Comments on: America’s broken colleges http://blogs.reuters.com/felix-salmon/2009/12/09/americas-broken-colleges/ A slice of lime in the soda Sun, 26 Oct 2014 19:05:02 +0000 hourly 1 http://wordpress.org/?v=4.2.5 By: uprof http://blogs.reuters.com/felix-salmon/2009/12/09/americas-broken-colleges/comment-page-1/#comment-9917 Fri, 11 Dec 2009 16:19:38 +0000 http://blogs.reuters.com/felix-salmon/2009/12/09/americas-broken-colleges/#comment-9917 Kevin Carey’s article is highly misleading. The poor results he refers to simply reflect, among other factors, the strong demand from various levels of government, parents of students, and the students themselves, not to have students held to serious standards. Ask a random sample of university/college professors if they feel they have the degrees of freedom to truly challenge their students and hold them accountable, and my guess is that the fraction that says “yes” would be considerably less than 10%, and they most likely would be lying. In many ways, this is just a continuation of the poor state of US secondary, middle school, and primary education systems. At the university/college level, because costs are born far more directly by individual students and families, a higher number of students get “filtered out.”

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By: strawman http://blogs.reuters.com/felix-salmon/2009/12/09/americas-broken-colleges/comment-page-1/#comment-9856 Fri, 11 Dec 2009 00:24:44 +0000 http://blogs.reuters.com/felix-salmon/2009/12/09/americas-broken-colleges/#comment-9856 Drewbie – I’d go back and read the post. “Already the Pell grant program has ballooned from $2 billion to $20 billion since 1980, yet the proportion of the typical college’s tuition costs that it covers has dropped from 70% to 33%.”

Funding may have increased, but costs have increased more. Proportionally the government covers fewer costs than ever.

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By: drewbie http://blogs.reuters.com/felix-salmon/2009/12/09/americas-broken-colleges/comment-page-1/#comment-9833 Thu, 10 Dec 2009 19:38:03 +0000 http://blogs.reuters.com/felix-salmon/2009/12/09/americas-broken-colleges/#comment-9833 Tuition also continues to increase because the amount of aid for students continues to increase. Schools raise tuition, and the government increases the amount given out in scholarships. Until government assistance stops increaseing and enrollment drops because families can’t afford it, tuition will not come down.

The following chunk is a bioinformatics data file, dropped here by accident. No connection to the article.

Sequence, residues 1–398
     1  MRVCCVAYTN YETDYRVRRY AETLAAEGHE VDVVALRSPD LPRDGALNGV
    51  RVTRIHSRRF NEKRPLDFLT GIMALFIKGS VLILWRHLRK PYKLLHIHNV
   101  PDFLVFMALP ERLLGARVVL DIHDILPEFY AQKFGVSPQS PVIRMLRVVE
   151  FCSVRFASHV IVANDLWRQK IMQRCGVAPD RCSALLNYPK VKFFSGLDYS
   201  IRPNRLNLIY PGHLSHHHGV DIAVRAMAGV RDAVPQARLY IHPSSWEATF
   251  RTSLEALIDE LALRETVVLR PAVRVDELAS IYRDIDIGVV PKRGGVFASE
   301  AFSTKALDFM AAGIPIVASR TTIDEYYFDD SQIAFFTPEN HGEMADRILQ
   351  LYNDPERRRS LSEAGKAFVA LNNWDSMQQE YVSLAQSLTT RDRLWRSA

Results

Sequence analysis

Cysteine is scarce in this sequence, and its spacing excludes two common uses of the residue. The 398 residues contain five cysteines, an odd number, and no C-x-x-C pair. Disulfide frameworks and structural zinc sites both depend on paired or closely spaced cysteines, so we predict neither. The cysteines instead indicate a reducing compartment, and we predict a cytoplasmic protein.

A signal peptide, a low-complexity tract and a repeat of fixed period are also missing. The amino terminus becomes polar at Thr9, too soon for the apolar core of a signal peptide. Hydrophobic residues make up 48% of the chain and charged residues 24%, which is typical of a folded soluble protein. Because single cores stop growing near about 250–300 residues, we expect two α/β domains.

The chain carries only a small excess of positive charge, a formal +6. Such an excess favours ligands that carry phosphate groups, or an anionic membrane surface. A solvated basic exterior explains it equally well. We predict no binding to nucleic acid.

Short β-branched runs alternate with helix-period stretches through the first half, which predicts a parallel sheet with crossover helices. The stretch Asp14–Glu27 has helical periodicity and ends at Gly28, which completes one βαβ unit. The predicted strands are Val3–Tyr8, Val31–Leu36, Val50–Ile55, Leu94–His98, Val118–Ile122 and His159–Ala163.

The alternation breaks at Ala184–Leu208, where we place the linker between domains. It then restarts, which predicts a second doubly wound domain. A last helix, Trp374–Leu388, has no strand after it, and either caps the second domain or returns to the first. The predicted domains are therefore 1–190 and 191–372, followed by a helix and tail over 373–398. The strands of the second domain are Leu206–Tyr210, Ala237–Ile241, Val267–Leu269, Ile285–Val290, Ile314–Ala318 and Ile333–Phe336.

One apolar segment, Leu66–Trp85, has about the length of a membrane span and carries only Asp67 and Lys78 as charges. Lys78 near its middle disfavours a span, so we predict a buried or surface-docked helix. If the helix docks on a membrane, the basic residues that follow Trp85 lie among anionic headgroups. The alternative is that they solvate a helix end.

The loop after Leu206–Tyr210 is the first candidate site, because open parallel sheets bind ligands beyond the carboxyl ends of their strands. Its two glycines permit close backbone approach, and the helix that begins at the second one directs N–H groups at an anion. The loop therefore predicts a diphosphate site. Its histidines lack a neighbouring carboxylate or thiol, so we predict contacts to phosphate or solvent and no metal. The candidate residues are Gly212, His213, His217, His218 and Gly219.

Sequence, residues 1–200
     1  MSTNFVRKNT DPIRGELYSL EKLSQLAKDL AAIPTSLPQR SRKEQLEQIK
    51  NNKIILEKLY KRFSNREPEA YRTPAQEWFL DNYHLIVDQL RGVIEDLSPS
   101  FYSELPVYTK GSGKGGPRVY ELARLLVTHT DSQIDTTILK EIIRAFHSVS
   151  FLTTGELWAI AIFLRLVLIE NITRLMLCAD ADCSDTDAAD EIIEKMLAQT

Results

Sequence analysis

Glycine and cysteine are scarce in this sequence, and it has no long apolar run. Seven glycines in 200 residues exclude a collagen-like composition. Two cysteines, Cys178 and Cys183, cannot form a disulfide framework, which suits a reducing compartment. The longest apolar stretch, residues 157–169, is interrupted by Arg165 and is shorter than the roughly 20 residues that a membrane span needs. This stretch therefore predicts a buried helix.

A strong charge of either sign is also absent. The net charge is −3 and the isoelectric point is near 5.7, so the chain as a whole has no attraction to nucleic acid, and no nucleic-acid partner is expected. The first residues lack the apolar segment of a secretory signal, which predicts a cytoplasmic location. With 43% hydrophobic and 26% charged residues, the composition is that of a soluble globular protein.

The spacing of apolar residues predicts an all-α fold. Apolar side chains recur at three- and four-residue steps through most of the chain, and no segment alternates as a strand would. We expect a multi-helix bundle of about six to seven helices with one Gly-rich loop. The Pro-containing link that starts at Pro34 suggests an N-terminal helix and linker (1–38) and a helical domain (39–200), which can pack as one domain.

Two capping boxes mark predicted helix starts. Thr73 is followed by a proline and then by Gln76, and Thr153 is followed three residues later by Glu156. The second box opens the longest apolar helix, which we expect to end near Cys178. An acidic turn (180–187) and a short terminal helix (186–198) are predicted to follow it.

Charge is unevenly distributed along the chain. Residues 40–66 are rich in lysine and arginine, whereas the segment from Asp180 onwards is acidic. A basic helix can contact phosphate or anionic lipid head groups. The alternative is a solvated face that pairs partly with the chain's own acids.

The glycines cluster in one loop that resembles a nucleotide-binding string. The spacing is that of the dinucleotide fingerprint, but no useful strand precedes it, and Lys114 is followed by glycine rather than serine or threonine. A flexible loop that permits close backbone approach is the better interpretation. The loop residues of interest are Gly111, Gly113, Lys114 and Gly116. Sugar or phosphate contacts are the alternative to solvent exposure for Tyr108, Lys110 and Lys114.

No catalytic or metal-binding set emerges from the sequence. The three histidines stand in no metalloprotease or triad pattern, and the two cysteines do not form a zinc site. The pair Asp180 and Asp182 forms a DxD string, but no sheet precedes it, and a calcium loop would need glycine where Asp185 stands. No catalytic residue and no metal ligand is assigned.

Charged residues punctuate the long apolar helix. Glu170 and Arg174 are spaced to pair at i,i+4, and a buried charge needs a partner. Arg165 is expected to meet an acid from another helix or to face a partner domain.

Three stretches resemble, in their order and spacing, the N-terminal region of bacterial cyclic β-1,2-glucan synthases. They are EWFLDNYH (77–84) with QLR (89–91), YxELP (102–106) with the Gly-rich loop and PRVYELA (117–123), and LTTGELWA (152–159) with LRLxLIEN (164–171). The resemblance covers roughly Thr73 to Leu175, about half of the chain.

That won’t happen, however, because no one wants to tell a generation “sorry, you’re the one that has to suffer to fix this.” So it’ll keep going up.

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By: Curmudgeon http://blogs.reuters.com/felix-salmon/2009/12/09/americas-broken-colleges/comment-page-1/#comment-9809 Thu, 10 Dec 2009 13:49:41 +0000 http://blogs.reuters.com/felix-salmon/2009/12/09/americas-broken-colleges/#comment-9809 I am a recovering college professor. My last year teaching, my administration announced a 10 percent increase in tuition. The stated reason (have to applaud their honestly at least) was to give the college more cachet among applicants and parents because it cost more.

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By: eddieblack http://blogs.reuters.com/felix-salmon/2009/12/09/americas-broken-colleges/comment-page-1/#comment-9807 Thu, 10 Dec 2009 13:29:24 +0000 http://blogs.reuters.com/felix-salmon/2009/12/09/americas-broken-colleges/#comment-9807 I think you have missed the point Dan. Felix’s observations are correct. If overall literacy has declined significantly amongst college grads, then it is possible job performance by graduates is declining as well. Perhaps the cost of labor, taxes and health care are not the only things a board of directors considers when the contemplate moving operations out of the U.S.?